Cotton Wool Culture

Children "learn by doing" in the natural environment, says the National Trust

Nature Deficit Disorder ‘damaging Britain’s children’

UK children are losing contact with nature at a “dramatic” rate, and their health and education are suffering, a National Trust report says.

Traffic, the lure of video screens and parental anxieties are conspiring to keep children indoors, it says.

Evidence suggests the problem is worse in the UK than other parts of Europe, and may help explain poor UK rankings in childhood satisfaction surveys.

The trust is launching a consultation on tackling “nature deficit disorder”.

“This is about changing the way children grow up and see the world,” said Stephen Moss, the author, naturalist and former BBC Springwatch producer who wrote the Natural Childhood report for the National Trust.

“The natural world doesn’t come with an instruction leaflet, so it teaches you to use your creative imagination.

“When you build a den with your mates when you’re nine years old, you learn teamwork – you disagree with each other, you have arguments, you resolve them, you work together again – it’s like a team-building course, only you did it when you were nine.”

The trust argues, as have other bodies in previous years, that the growing dissociation of children from the natural world and internment in the “cotton wool culture” of indoor parental guidance impairs their capacity to learn through experience.

It cites evidence showing that:

  • children learn more and behave better when lessons are conducted outdoors
  • symptoms of children diagnosed with ADHD improve when they are exposed to nature
  • children say their happiness depends more on having things to do outdoors more than owning technology.

Yet British parents feel more pressure to provide gadgets for their children than in other European countries.

Anger over traffic

The phrase nature deficit disorder was coined in 2005 by author Richard Louv, who argued that the human cost of “alienation from nature” was measured in “diminished use of the senses, attention difficulties and higher rates of physical and emotional illnesses”.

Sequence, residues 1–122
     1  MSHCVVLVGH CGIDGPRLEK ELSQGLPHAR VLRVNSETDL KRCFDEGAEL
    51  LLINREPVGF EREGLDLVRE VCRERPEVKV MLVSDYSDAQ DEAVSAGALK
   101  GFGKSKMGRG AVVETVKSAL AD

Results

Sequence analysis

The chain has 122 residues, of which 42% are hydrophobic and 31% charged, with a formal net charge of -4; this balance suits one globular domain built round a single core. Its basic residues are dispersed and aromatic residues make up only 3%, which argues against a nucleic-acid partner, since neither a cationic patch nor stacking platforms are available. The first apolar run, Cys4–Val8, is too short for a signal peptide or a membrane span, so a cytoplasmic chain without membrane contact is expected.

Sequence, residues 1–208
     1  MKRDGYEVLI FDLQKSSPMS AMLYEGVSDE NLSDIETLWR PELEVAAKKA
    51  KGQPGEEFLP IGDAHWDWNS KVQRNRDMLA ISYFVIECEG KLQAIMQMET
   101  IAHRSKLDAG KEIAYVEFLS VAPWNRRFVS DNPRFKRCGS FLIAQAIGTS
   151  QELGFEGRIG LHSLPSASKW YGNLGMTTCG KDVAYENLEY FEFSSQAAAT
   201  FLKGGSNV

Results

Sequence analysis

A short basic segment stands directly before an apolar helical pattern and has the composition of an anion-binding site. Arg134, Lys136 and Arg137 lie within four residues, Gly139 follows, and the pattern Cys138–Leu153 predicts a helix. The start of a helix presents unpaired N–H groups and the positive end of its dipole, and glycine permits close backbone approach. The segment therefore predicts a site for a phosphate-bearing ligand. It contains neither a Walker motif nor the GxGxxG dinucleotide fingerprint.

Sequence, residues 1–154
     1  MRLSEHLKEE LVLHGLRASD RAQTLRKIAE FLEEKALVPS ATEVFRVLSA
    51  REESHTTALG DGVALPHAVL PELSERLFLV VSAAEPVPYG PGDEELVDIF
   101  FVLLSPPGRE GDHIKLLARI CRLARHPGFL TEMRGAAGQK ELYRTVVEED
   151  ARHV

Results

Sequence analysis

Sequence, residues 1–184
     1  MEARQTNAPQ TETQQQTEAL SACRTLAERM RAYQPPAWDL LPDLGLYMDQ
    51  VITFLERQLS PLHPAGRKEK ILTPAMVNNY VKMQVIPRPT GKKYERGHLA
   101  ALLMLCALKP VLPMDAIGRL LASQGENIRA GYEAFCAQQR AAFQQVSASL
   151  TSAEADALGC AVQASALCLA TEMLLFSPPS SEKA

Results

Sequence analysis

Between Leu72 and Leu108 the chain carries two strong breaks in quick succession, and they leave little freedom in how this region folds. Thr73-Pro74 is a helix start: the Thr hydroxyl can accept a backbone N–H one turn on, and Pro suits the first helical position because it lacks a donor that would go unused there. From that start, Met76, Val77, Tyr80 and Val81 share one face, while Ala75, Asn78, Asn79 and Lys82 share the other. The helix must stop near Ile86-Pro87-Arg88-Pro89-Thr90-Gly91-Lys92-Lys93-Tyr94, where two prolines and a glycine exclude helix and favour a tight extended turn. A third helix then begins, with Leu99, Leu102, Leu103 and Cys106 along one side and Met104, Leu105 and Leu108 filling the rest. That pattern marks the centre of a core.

In the UK as in many other countries, rates of obesity, self-harm and mental health disorders diagnosed in children have climbed significantly since the 1970s.

…Mr Moss cites statistics showing that the area where children are allowed to range unsupervised around their homes has shrunk by 90% since the 1970s.

Whereas some reasons behind the parental “cotton wool culture” are not based in logic – most sexual molestation occurs in the home, for example, not in parks – the one “genuine massive danger” is traffic.

“I think the first step for any child is playing outdoors in the street; and in the 40 years since I grew up, traffic has increased hugely, and that’s the main reason why none of us let our kids out on their own,” Mr Moss told BBC News.

“The only solution would be to have pedestrian priority on every residential street in Britain; when you are driving along the street, if there are children playing, they have priority.”

Source: BBC News Read more

This has long been an argument of mine. I didn’t have a fancy name for it, I just knew it existed from my own experience and looking at kids today. The kids of today are wimps; sooks, as we would have said in New Zealand. They grow up and know nothing. They go to school and learn, but they still know nothing, absolutely nothing about the real world.

This is not a new phenomenon, it started in the 1970s with ‘baby-sitter’ television. Parents abdicated their responsibility, totally! Since the advent of TV, the situation has only worsened, worsened with each successive generation; this is all compounded by the ‘super-tribe’ phenomenon (The Naked Ape by Desmond Morris, 1967) of the mega-cities. Parents of today have no more idea of how to be parents than fly to the moon.

The world has become a place where parents are vaguely aware that there are little people in the house; they have no idea what to do with them or how to interact with them.

The very fabric of society has become threadbare. Respect for elders, social interactions, violence and crime are the result.

Check these previous posts for more of my thoughts on the matter:

Waikuku School Where Kids Can be Kids – A new headmaster with a return to older values

Nature-deficit Disorder – A broader view, confirming this UK case

Cow Poo – Make You Fink on Friday – A look at why we feel better when outdoors all comes down to cow poo

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One thought on “Cotton Wool Culture

  1. […] really in a sorry state. I wrote about the social fabric becoming threadbare this morning on a post Cotton Wool Culture. It’s about parenting, but more importantly it’s about kids and the way […]

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